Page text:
Zhou Daguan describes ancient Angor at its peak

In a story by Edgar Rice Burroughs an explorer chops his way with a machete through the Cambodian jungle to a lost world – a remnant of ancient Angkor still thriving. “The Land of Hidden Men” (now public domain) may be an entertaining yarn, but Angkor Wat – one of the greatest cultures of the medieval world- was swallowed by the jungle, and then rediscovered in the nineteenth century. The ancient kingdom boasted 102 public hospitals. Only one first-hand account of its capital exists, from the pen of Zhou Daguan, a contemporary Chinese diplomat who later published a book entitled The Customs of Cambodia. That text was first translated to a European language by Paul Pelliot in 1902. The following are excerpts:


Paul Pelliot (1878 –1945) was a French Sinologist and Orientalist who explored Central Asia and discovered several ancient manuscripts.

This Tche-la is also called Tchan-la. The native name is Kan-po-tche. The current dynasty, based on Tibetan religious books, calls this country Kan-p’ou-tche, phonetically close to Kan-potche.

The royal palace, as well as official buildings and noble residences, all face east. The royal palace is north of the Golden Tower and the Golden Bridge. Where the sovereign conducts his affairs, there is a golden window; to the right and left of the frame, on square pillars, there are mirrors, about forty to fifty, arranged on the sides of the window. The bottom of the window is shaped like an elephant.

Everyone, starting with the sovereign, both men and women, wear their hair in a bun and have bare shoulders. They simply wrap a piece of cloth around their waist. There are many rules regarding the fabrics based on each person’s rank. Only the prince can wear continuous patterned fabrics. He wears a golden diadem, similar to those on the heads of vajradharas. Sometimes, he does not wear a diadem and simply wraps a garland of fragrant flowers reminiscent of jasmine in his bun.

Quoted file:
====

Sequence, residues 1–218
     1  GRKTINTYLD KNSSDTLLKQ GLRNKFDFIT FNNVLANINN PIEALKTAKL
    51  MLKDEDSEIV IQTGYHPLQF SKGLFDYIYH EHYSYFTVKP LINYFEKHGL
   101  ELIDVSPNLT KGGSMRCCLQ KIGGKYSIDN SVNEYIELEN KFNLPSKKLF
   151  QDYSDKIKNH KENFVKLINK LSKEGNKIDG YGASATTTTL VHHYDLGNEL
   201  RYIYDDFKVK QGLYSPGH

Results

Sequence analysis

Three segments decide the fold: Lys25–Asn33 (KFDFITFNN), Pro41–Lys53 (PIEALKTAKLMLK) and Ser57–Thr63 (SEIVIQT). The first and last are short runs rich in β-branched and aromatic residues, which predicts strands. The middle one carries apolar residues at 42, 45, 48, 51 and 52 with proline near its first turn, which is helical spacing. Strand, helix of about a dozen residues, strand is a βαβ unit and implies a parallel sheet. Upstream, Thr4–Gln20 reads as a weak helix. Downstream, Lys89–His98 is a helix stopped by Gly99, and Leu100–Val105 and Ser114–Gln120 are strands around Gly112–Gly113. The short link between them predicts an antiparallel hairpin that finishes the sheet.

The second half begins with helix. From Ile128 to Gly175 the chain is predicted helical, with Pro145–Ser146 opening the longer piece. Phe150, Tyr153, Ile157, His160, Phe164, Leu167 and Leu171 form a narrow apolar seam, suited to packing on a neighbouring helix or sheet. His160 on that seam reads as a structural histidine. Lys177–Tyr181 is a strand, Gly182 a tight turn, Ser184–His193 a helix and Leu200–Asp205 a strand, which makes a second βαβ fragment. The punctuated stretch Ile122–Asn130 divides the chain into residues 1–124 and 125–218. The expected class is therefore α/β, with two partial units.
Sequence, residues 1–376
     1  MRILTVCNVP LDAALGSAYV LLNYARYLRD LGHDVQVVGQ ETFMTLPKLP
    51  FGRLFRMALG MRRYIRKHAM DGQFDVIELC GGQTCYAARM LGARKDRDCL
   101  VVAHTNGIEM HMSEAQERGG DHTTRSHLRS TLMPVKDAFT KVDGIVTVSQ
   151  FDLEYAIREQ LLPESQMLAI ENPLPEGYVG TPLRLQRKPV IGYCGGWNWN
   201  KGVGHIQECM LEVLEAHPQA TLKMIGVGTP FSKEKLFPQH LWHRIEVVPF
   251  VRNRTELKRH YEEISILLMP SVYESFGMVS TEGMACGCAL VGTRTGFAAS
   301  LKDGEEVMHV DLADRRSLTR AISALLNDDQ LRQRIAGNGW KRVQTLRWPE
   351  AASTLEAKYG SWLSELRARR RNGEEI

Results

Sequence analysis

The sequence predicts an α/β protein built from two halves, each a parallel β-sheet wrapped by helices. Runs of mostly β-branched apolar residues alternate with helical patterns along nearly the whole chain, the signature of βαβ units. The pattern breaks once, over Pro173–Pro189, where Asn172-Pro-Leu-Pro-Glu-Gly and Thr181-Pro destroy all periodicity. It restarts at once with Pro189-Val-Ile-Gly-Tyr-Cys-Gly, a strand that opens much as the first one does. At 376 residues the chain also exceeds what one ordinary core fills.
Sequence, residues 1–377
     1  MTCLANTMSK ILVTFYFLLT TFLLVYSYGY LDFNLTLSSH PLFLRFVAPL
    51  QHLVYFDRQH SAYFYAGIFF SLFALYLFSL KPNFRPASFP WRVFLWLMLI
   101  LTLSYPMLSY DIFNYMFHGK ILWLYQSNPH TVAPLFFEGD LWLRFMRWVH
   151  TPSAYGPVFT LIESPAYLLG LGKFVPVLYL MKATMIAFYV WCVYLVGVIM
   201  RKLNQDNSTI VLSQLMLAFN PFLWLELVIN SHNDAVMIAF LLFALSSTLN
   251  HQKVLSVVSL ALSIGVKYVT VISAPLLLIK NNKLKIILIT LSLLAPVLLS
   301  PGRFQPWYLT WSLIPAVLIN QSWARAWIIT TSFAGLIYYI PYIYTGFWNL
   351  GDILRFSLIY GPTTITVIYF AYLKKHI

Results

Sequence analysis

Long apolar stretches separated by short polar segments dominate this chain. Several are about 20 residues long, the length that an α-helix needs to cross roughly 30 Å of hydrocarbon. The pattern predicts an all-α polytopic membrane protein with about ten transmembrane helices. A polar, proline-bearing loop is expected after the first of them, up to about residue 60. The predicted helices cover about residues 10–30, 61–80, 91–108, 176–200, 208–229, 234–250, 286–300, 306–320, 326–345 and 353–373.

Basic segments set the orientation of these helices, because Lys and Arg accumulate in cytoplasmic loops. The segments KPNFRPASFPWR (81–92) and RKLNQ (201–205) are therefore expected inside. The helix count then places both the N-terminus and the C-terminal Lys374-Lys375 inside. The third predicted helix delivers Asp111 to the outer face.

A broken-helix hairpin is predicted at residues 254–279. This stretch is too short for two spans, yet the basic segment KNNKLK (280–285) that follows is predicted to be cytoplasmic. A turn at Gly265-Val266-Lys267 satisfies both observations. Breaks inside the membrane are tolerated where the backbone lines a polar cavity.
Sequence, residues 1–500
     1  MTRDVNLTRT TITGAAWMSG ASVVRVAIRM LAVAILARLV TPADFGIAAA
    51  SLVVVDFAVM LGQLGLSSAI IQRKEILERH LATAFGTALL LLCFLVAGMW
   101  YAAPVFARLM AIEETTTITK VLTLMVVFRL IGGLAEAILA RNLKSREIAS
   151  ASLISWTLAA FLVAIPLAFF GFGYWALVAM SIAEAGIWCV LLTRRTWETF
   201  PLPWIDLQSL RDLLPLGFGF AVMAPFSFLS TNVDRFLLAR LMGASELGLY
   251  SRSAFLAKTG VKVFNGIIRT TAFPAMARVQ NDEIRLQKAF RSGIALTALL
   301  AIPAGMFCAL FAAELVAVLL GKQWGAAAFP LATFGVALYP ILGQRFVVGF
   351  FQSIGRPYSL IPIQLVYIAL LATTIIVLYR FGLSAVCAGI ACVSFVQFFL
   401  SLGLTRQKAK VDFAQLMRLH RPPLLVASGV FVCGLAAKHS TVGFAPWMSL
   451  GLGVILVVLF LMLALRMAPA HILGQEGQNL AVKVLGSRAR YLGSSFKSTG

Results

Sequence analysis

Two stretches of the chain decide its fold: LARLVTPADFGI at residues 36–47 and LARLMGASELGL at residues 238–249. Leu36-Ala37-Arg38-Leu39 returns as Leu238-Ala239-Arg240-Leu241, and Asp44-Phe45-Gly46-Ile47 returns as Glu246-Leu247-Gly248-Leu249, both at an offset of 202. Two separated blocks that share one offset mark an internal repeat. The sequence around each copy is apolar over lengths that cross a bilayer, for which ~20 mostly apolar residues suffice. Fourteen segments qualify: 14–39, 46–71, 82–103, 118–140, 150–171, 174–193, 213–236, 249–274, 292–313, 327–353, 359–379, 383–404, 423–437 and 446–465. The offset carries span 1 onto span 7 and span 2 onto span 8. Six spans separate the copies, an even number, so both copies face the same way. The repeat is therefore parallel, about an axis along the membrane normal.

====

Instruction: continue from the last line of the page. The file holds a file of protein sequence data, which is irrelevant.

In the common people, only women can dye the soles of their feet and the palms of their hands; men would not dare to. High officials and princes can wear fabrics with widely spaced patterns. Only the simple mandarins can wear fabrics with two groups of patterns. In the common people, only women are allowed to wear them. But even if a newly arrived Chinese wears a fabric with two groups of patterns, it is not considered a crime because he is “ngan-ting-pa-cha” (Ngang-tin-pa-cha, who does not know the rules).

When officials go out, their emblems and their entourage are arranged according to their rank. The highest dignitaries use a golden palanquin and four parasols with golden handles; the following have a golden palanquin and two parasols with golden handles, then a golden palanquin and one parasol with a golden handle, and finally a simple parasol with a silver handle.”

Modern illustration of Zhou Daguan. Zhou Daguan was born Zhou Dake in Yongjia, Wenzhou. For some reason, he changed his name after he returned from Cambodia. Some speculate that the Chinese emperor planned to attack Cambodia, and that that might be the reasons for the many details in Daguan’s book.

“Both regular writings and official documents are always written on deer or deer skin and similar materials, dyed black. Depending on their dimensions in length and width, each person cuts them to their liking. People use a kind of powder that resembles Chinese chalk and shape it into sticks, called “so.” Holding this stick in hand, they write characters on pieces of skin that do not fade. When they finish, they place the stick behind their ear. Characters also allow them to recognize the writer. If rubbed on something wet, they fade. All documents are written from left to right, not from top to bottom.